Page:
Istanbul is modern and ancient, conservative and free-wheeling. It has a vibrant nightlife and prominent mosques, cutting-edge art and traditional family-owned restaurants. The old and the new layer constantly in this city that never stops moving.
When to Go
The best time to visit is the spring or the autumn (April through May and September). The summers are hot and sticky and the winters are gray and drizzly, but the spring bursts with tulips and blooming pink Judas trees, while the autumn weather is perfectly warm and breezy. Those seasons are likely to be less crowded than the busy summer, too.
During Ramadan, many neighborhoods feel unchanged—it’s not unusual for people to eat and drink on the street—but there are public Iftars, so you can participate in community fast-breaking. The city empties out during the Kurban Bayram holiday, so many shops will be closed. Every summer brings a slew of festivals, including the Istanbul Music Festival and the Istanbul Jazz Festival, both of which offer outdoor concerts throughout the city.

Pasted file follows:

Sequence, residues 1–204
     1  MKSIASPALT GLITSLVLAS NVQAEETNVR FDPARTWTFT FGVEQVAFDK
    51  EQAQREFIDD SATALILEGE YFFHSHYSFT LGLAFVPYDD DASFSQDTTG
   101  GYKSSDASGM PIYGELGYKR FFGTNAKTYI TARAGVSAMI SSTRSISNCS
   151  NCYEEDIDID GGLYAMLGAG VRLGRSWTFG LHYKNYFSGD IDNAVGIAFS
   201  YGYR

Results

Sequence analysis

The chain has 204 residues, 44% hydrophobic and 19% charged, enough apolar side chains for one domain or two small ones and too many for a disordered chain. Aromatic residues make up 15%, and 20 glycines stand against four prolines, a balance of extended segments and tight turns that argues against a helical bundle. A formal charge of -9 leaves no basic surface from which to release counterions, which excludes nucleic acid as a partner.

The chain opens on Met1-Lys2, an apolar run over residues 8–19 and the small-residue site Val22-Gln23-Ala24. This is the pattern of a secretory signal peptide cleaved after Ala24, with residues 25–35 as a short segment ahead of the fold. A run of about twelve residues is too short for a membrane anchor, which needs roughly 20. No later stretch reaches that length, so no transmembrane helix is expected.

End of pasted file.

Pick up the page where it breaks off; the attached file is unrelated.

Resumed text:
What to Eat
No visit to Istanbul is complete without a Turkish breakfast, a giant spread of eggs, yogurt, cheese, olives, jams, honey, cucumbers, tahini, and more. Make sure to try fresh grilled fish and meze (Turkish tapas) with a glass of raki, a strong anise-flavored liquor. For dessert, taste sticky-sweet pistachio baklava. Try Istanbul’s street food if you’re on the go: sesame-encrusted simit, rice-stuffed mussels (midye dolma), and grilled fish sandwiches (balik ekmek) are all delicious options.
Souvenir to Take Home
As you stroll Istanbul’s bazaars, look for Turkish carpets, hand-woven hammam towels, Turkish delight, and local spices like Urfa pepper and sumac. Any of these will provide a fond reminder of your travels or a lovely gift for someone back home.
Sustainable Travel Tip
Istanbul is full of traffic, but you can avoid it by taking public transportation—there’s a vast network of ferries, metros, trams, and buses that are available. Try to use refillable water bottles instead of the very common plastic bottles that are sold on the street.